- Question everything you've written. Are the characters consistent in their behavior? Do their motivations make sense? Does the timeline make sense? Does the plot flow well? Is there too much exposition? Are you telling instead of showing? Are there parts that drag? How soon into the story does the reader care about the protagonist/plot? (Hint: it should be the first page) Is there enough conflict to keep things interesting? If there's world building, have you kept to the specific rules of the world you've created? Are there any side characters who really don't need to be there? Does every scene drive the story forward? Does every side plot serve a purpose?
- Save your drafts as different files. This will allow you to revisit that previously mentioned novel-writing-baggage should you miss it and it'll make it easier for you to move on, knowing it's still somewhere (sure, it's not part of the final draft, but who says you can't still keep it around, like that ex-boyfriend shoebox in your closet, full of letters and mementos). It will also save you a huge headache if you need to recall something you removed in a later draft. And hey, should your novel be published, you've got deleted scenes to share with readers!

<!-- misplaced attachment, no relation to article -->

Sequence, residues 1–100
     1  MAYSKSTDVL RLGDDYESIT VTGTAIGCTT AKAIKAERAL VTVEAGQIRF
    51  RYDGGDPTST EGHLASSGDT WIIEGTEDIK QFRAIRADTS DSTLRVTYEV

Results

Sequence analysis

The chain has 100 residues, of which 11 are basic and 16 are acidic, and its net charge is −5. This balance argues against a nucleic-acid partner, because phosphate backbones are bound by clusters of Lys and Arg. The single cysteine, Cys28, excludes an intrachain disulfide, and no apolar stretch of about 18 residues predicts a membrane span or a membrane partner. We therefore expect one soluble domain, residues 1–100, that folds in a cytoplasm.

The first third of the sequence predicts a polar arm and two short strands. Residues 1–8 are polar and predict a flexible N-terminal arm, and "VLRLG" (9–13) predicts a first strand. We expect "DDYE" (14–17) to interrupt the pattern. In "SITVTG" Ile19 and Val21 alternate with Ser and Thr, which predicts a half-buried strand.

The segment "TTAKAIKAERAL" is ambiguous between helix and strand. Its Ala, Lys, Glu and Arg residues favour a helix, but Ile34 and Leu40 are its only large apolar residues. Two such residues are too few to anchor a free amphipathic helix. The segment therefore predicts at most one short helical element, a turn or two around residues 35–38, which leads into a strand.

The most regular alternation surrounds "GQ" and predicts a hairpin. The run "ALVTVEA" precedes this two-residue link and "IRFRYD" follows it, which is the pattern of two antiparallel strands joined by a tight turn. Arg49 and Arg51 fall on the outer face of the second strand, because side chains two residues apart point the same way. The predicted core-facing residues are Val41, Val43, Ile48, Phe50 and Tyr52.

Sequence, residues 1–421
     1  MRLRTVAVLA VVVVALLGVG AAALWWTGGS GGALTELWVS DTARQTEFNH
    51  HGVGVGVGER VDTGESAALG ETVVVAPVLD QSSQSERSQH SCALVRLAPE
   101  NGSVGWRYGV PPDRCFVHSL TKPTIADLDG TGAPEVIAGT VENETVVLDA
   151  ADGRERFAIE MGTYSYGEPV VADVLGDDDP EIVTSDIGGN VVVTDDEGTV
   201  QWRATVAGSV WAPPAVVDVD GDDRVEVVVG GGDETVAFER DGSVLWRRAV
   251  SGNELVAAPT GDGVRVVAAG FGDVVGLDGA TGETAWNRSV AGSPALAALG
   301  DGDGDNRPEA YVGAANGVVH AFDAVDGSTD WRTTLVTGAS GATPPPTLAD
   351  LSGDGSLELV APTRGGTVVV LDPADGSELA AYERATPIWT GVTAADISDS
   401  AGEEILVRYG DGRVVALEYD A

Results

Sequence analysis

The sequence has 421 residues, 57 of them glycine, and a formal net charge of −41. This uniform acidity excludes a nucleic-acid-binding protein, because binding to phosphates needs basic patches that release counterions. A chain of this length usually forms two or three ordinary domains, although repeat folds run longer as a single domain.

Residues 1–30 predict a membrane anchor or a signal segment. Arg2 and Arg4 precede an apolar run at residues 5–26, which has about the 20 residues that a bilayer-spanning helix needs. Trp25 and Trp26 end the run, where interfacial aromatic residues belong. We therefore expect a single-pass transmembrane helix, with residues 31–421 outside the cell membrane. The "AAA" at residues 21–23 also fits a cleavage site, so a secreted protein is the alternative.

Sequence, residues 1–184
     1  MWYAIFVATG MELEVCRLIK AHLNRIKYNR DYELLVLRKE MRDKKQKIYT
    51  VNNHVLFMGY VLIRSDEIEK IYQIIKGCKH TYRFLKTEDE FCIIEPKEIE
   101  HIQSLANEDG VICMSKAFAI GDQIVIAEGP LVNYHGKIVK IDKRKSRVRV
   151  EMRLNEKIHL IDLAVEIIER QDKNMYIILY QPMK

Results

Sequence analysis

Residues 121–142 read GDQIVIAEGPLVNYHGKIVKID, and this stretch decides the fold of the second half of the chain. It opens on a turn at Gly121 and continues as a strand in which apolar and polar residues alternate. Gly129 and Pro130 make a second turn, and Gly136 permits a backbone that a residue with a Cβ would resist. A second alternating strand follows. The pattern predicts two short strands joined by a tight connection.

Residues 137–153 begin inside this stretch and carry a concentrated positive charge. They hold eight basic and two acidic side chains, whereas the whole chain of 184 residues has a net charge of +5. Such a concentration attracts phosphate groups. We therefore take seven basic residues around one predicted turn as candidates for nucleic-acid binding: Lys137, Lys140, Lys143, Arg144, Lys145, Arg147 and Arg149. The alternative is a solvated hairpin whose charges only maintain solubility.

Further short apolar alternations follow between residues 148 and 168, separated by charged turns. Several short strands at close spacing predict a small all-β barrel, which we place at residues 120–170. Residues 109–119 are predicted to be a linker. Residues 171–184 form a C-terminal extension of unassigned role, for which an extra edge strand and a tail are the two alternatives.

- Finally, take your time. This isn't a race. I know I'm always anxious to reach that finish line, but rushing through the revision process will only leave you with a manuscript that's weaker than it could be if you took the time to nail it down. Take some time away from your manuscript. Let it simmer. Let it breathe. Think about what you've written, your characters, and what they might do in situations outside your story (it will help you to get to know them better, and sometimes they might tell you if something is missing from your novel).
What does your revision process look like? Do you have any specific revision habits that work for you?
A previous version of this post originally appeared on www.katepawsonstuder.com